For some reason herb gardens have the reputation of being hard to start and grow, difficult to maintain, and messy-looking. Nothing could be further from the truth. Most herbs grow easily in a variety of soils and require minimal attention. Some herbs sometimes seem mysterious, but with careful selection they are very much at home in Texas. They can be grown indoors or out, in containers, in flower beds, and in traditional herb gardens. Exceptions will be covered in the specific entries in the text. For example, plants such as tarragon, valerian, lovage, rosemary, sage, lavender, and parsley need a little special handling.

Annual herbs such as basil and perilla and biennials like parsley are easy to grow from seed and should be used, but many perennials provide beauty and usefulness for years. The perennial herbs that are easiest to grow in Texas include wormwood, southernwood, thyme, comfrey, mint, chives, oregano, lemon balm, and purple coneflower. Bulbs like saffron and garlic and trees like ginkgo, walnut, jujube, and willow are all easy to grow and use. The book covers those in detail for you and also includes for your consideration the lesser-known and harder-to-grow varieties that have benefits worthy of a little maintenance trouble. You'll even find plants that you may not consider herbs—such as alfalfa, blackberry, peppers, dandelion, and the rose.

What is a herb? The primary definition given by the dictionary is "a seed-producing annual, biennial, or perennial that does not develop persistent woody tissue but dies down at the end of a growing season." This botanical definition eliminates many plants that are traditionally regarded and used as herbs.

Another traditional definition of a herb is "a herbaceous plant that is used to flavor foods, make teas, provide medicinal properties, and offer up fragrances."

The definition most commonly accepted by herbalists is "a plant or plant part valued for its medicinal, savory, or aromatic qualities." The Herb Society of America puts it this way: "Any plant that may be used for pleasure, fragrance, or physic." To me, herbs include a broad spectrum of plants, trees, shrubs, perennials, annuals, and bulbs that have specific uses other than merely beauty. Simple as that.

Herbs should never be grown without following organic techniques. Anyone who claims to be a herbalist and isn't organic just isn't a herbalist. Organic gardening is much more than merely a method of growing plants. It's a way of life. It's about paying attention to nature. It's about understanding how everything in nature is related. It's about learning from nature and working within nature's perfectly designed system. From the gardening standpoint it is also about using herbs that aren't contaminated with toxic chemicals.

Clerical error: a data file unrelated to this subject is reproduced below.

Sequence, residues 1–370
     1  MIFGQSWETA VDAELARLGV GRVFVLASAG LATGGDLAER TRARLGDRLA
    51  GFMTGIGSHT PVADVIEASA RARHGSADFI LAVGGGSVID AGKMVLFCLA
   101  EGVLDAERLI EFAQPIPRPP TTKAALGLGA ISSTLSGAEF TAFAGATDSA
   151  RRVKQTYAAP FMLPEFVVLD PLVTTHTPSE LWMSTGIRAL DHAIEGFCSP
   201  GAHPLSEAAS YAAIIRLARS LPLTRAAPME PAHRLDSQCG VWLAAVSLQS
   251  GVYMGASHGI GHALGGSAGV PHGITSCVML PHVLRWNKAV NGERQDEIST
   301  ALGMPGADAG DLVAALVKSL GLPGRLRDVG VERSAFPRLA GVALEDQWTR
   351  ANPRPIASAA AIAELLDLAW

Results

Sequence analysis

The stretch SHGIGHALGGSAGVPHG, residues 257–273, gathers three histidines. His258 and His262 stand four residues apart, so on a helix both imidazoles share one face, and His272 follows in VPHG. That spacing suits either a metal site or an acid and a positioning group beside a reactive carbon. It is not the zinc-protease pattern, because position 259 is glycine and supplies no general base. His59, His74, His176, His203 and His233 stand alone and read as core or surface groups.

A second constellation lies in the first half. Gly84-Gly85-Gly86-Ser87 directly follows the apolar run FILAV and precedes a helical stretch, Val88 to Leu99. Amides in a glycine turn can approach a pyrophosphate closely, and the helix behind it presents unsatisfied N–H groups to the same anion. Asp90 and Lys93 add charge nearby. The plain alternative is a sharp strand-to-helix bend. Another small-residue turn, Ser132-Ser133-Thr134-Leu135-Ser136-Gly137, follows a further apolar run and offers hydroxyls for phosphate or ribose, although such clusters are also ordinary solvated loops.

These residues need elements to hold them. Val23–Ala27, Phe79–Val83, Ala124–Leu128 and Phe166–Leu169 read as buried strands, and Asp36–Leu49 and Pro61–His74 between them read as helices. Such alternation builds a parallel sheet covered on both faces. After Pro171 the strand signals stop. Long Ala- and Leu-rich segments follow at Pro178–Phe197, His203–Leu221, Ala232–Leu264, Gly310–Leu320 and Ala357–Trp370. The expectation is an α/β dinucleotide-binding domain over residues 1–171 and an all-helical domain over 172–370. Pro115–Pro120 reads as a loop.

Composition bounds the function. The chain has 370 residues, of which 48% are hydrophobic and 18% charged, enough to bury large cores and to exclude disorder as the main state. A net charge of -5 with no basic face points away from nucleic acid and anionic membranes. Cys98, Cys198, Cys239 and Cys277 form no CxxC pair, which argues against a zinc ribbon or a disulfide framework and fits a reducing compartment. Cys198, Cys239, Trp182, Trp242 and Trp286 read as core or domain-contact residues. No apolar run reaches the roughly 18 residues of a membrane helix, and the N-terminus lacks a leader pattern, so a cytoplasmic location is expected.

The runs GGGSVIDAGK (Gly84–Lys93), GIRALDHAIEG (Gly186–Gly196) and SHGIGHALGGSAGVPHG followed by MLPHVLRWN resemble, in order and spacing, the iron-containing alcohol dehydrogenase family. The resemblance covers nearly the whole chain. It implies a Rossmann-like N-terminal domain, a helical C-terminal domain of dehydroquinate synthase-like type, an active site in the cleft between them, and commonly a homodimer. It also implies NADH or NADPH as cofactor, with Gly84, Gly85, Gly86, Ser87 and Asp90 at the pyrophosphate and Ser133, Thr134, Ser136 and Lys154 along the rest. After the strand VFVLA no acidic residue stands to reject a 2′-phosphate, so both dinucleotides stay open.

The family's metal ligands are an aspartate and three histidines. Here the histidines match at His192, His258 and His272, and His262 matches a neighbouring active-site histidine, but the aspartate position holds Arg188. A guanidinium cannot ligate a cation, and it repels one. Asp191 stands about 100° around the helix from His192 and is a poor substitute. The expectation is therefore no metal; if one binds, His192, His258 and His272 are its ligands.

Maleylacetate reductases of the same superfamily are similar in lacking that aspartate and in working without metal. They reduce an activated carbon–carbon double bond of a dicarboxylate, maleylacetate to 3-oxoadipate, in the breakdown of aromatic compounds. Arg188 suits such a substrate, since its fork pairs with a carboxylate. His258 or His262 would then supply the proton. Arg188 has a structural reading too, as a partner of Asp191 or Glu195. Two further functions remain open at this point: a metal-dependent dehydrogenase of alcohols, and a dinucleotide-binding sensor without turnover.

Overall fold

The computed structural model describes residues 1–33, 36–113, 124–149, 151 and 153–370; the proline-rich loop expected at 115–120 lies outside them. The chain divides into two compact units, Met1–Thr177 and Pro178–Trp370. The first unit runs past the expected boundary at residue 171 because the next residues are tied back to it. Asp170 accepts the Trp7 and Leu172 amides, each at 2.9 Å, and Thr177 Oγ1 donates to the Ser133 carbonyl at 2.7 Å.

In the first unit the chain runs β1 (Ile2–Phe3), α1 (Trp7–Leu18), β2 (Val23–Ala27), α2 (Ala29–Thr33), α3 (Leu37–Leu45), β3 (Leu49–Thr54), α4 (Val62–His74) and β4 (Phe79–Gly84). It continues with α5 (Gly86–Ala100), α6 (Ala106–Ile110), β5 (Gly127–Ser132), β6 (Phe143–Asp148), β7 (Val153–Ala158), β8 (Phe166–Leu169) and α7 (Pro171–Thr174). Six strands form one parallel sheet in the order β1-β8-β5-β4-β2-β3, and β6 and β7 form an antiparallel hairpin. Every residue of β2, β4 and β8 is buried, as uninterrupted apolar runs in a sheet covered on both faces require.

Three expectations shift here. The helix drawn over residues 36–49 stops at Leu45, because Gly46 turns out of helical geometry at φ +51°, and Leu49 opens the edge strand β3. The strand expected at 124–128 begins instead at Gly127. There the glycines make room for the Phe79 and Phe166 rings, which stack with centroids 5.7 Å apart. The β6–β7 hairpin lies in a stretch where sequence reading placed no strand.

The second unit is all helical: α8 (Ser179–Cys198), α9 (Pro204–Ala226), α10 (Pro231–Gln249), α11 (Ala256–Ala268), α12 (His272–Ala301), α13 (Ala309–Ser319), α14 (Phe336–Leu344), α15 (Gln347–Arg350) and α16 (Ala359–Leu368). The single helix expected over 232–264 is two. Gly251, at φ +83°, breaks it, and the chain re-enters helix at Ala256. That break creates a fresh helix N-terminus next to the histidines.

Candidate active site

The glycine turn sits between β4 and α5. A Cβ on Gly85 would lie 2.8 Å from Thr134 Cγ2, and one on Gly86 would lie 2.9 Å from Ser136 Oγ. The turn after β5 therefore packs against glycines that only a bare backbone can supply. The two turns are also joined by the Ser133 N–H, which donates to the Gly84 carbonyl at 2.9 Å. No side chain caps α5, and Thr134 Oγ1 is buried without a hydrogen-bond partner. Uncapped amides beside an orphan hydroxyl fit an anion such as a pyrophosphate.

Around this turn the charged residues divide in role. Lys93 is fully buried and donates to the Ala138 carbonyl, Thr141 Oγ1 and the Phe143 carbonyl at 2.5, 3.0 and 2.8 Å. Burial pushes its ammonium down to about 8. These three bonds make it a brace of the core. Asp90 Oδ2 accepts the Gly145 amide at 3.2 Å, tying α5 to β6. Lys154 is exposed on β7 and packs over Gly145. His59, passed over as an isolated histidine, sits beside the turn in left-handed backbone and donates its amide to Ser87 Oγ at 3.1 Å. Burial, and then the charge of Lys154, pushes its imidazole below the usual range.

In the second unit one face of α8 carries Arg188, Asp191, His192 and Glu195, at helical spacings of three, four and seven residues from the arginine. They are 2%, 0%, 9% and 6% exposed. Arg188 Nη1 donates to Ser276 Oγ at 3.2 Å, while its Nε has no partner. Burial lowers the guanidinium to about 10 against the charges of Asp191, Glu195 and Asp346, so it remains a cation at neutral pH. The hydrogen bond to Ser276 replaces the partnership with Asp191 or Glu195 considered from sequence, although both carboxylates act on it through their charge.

This book was designed for ease of use. I am extremely irritated by books that use the "reference to another entry" approach. If you look up Monarda, for example, the index directs you to go to "Horsemint" or "Wild Bergamot." That's a waste of the reader's time and an unnecessary irritation. Why not just put a page number after the word Monarda? Good grief! That's what you'll find in this book. If you look in the index or in the body of the book, all the common and all botanical names are listed and cross-referenced. Seems like a simple thing, doesn't it? Hope you appreciate the convenience.

As you'll learn from reading this book and through personal experience, herbs have many attributes, not the least of which is that they are easy to grow, look good, smell interesting, and taste delicious. If you'll let the herbs help you, they will.

Many herbalists have helped me understand the plants we call herbs. Odena Brannam has been the most influential because she has such a good feel for the useful plants and deals with them more from an artistic and practical standpoint than a sterile scientific approach. Of course, the technical aspects of herbs are important, but science would have taken a long time to come up with the fact, for example, that crushed tansy repels fire ants. Odena has taught me to observe and to learn from the plants and to understand that the so-called experts don't necessarily have all the answers. I don't either, but with the help of many others, I'll give you some new ideas to try.

Those who have helped with ideas and details in this book include the following people and companies: Ken Satterwhite, Diane Huff, Blue Moon Gardens, North Haven Gardens, Rohde's Nursery, Redenta's Garden, Green Mama's, Barney Lipscomb, Bob O'Kennon, the Botanical Research Institute of Texas, Madalene Hill, King's Creek Gardens, Misty Hill Farm, the American Botanical Council, and Mary Buchanan. Special thanks go to Dr. Judy Griffin, author of Mother Natures Herbal, and, as always, to my assistant, Tracy Fields. Without Tracy, I would not be able to write my books and columns, do my radio show, and continue my mission of converting the world to organic. Also, special thanks to my wife, Judy, and my daughter, Logan, for keeping my life interesting.